Encrypt a string using openssl command line
I have a 16 byte character that I would like to encrypt using openssl into a 16 byte encrypted string.
This encrypted string ( in human readable format ) then needs to be supplied to a user who would use it, and the string would be decrypted to its original 16-byte form for comparison and authentication. Could anyone please tell me how this would be possible with openssl commandline.
Thanks in advance.
Here's one way to encrypt a string with openssl on the command line (must enter password twice):
echo -n "aaaabbbbccccdddd" | openssl enc -e -aes-256-cbc -a -salt enter aes-256-cbc encryption password: Verifying - enter aes-256-cbc encryption password:
Here's what the output looks like:
Edit: To my knowledge, you can't control the number of bytes out. You can b64 or hex encode it, but that's about it. Also, if you want to save that string to a file rather than stdout, use the -out option.
I have a 16 byte character that I would like to encrypt using openssl into a 16 byte encrypted string [in human readable format]
I believe you are looking for Format Preserving Encryption. I think the caveat is you have to start with a 16-byte human readable string. Phillip Rogaway has a paper on the technologies: Synopsis of Format-Preserving Encryption. There's a lot to the paper, and it can't fit into a single paragraph on Stack Overflow.
If you can start with a shorter string and use a streaming mode like OCB, OFB or CTR, then you can Base64 encode the final string so that the result is 16-bytes and human readable. Base64 expands at a rate of 3 → 4 (3 un-encoded expands to 4 encoded), so you'd need a shorter string of length 12 characters to achieve 16 human readable characters.
As far as I know, there are no command line tools that do it natively. You may be able to use OpenSSL on the command line with AES/CTR and pipe it through base64 command. The following gets close, but it starts with 11 characters (and not 12):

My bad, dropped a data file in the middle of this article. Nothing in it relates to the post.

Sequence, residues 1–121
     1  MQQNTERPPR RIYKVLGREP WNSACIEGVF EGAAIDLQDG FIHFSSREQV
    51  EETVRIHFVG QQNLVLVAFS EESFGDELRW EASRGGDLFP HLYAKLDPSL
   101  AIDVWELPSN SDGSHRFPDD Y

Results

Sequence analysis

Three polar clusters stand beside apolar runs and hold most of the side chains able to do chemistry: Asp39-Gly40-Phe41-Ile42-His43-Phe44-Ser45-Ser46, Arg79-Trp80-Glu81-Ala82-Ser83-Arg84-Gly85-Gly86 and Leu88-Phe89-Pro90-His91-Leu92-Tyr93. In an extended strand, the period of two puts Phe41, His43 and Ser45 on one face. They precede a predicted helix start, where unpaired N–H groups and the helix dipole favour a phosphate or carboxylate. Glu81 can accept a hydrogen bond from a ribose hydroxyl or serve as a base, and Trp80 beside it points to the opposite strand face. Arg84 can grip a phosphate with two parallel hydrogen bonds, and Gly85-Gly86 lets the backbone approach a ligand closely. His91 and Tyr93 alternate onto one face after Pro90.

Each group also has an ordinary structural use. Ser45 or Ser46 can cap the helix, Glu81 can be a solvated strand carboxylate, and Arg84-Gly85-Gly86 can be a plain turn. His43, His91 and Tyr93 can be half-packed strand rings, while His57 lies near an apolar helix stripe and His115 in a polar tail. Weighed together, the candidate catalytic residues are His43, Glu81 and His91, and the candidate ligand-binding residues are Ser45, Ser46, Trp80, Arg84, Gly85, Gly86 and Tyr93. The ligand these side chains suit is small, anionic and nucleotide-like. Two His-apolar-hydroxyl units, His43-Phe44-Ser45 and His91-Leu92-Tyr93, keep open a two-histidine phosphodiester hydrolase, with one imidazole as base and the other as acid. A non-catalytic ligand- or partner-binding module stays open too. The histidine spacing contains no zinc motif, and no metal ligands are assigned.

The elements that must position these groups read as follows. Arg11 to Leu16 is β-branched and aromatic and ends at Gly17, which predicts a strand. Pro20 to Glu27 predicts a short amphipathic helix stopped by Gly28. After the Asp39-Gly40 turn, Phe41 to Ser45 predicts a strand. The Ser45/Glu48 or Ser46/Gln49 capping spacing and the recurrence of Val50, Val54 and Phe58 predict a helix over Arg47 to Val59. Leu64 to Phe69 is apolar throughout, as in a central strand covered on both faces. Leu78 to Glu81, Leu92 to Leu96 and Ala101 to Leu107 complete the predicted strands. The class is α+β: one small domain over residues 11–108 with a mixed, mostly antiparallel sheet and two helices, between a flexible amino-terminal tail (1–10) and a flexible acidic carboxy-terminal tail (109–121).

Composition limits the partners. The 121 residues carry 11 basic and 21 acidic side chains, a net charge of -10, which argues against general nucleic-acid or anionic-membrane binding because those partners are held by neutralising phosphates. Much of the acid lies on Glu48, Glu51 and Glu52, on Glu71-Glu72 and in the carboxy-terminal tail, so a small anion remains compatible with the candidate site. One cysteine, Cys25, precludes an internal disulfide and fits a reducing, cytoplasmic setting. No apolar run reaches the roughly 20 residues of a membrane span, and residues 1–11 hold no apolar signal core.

$ echo 12345678901 | openssl enc -e -base64 -aes-128-ctr -nopad -nosalt -k secret_password cSTzU8+UPQQwpRAq
Also, you really need to understand te -k option (and -K for that matter), and how it derives a key so you can do it outside of the OpenSSL command (if needed).
echo 'foo' | openssl aes-256-cbc -a -salt echo 'U2FsdGVkX1/QGdl4syQE8bLFSr2HzoAlcG299U/T/Xk=' | openssl aes-256-cbc -a -d -salt
to list all available ciphers.
$ echo "a_byte_character" | openssl enc -base64
and you have 100+ Cipher Types
-aes-128-cbc -aes-128-cfb -aes-128-cfb1 -aes-128-cfb8 -aes-128-ctr -aes-128-ecb -aes-128-gcm -aes-128-ofb -aes-128-xts -aes-192-cbc -aes-192-cfb -aes-192-cfb1 -aes-192-cfb8 -aes-192-ctr -aes-192-ecb -aes-192-gcm -aes-192-ofb -aes-256-cbc -aes-256-cfb -aes-256-cfb1 -aes-256-cfb8 -aes-256-ctr -aes-256-ecb -aes-256-gcm -aes-256-ofb -aes-256-xts -aes128 -aes192 -aes256 -bf -bf-cbc -bf-cfb -bf-ecb -bf-ofb -blowfish -camellia-128-cbc -camellia-128-cfb -camellia-128-cfb1 -camellia-128-cfb8 -camellia-128-ecb -camellia-128-ofb -camellia-192-cbc -camellia-192-cfb -camellia-192-cfb1 -camellia-192-cfb8 -camellia-192-ecb -camellia-192-ofb -camellia-256-cbc -camellia-256-cfb -camellia-256-cfb1 -camellia-256-cfb8 -camellia-256-ecb -camellia-256-ofb -camellia128 -camellia192 -camellia256 -cast -cast-cbc -cast5-cbc -cast5-cfb -cast5-ecb -cast5-ofb -des -des-cbc -des-cfb -des-cfb1 -des-cfb8 -des-ecb -des-ede -des-ede-cbc -des-ede-cfb -des-ede-ofb -des-ede3 -des-ede3-cbc -des-ede3-cfb -des-ede3-cfb1 -des-ede3-cfb8 -des-ede3-ofb -des-ofb -des3 -desx -desx-cbc -id-aes128-GCM -id-aes192-GCM -id-aes256-GCM -rc2 -rc2-40-cbc -rc2-64-cbc -rc2-cbc -rc2-cfb -rc2-ecb -rc2-ofb -rc4 -rc4-40 -rc4-hmac-md5 -seed -seed-cbc -seed-cfb -seed-ecb -seed-ofb